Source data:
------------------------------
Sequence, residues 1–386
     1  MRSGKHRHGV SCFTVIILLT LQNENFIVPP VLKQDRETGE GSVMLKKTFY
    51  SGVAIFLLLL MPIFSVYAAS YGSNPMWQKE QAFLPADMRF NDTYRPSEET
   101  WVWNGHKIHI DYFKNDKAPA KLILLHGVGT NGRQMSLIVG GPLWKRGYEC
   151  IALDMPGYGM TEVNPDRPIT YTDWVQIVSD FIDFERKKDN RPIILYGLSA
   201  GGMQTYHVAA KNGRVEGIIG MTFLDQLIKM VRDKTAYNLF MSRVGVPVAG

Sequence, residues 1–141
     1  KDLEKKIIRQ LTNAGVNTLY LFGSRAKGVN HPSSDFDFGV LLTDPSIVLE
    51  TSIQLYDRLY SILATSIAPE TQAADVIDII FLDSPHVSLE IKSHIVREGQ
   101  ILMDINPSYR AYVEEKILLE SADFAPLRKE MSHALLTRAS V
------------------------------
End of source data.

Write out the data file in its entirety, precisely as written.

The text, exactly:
Sequence, residues 1–386
     1  MRSGKHRHGV SCFTVIILLT LQNENFIVPP VLKQDRETGE GSVMLKKTFY
    51  SGVAIFLLLL MPIFSVYAAS YGSNPMWQKE QAFLPADMRF NDTYRPSEET
   101  WVWNGHKIHI DYFKNDKAPA KLILLHGVGT NGRQMSLIVG GPLWKRGYEC
   151  IALDMPGYGM TEVNPDRPIT YTDWVQIVSD FIDFERKKDN RPIILYGLSA
   201  GGMQTYHVAA KNGRVEGIIG MTFLDQLIKM VRDKTAYNLF MSRVGVPVAG

Sequence, residues 1–141
     1  KDLEKKIIRQ LTNAGVNTLY LFGSRAKGVN HPSSDFDFGV LLTDPSIVLE
    51  TSIQLYDRLY SILATSIAPE TQAADVIDII FLDSPHVSLE IKSHIVREGQ
   101  ILMDINPSYR AYVEEKILLE SADFAPLRKE MSHALLTRAS V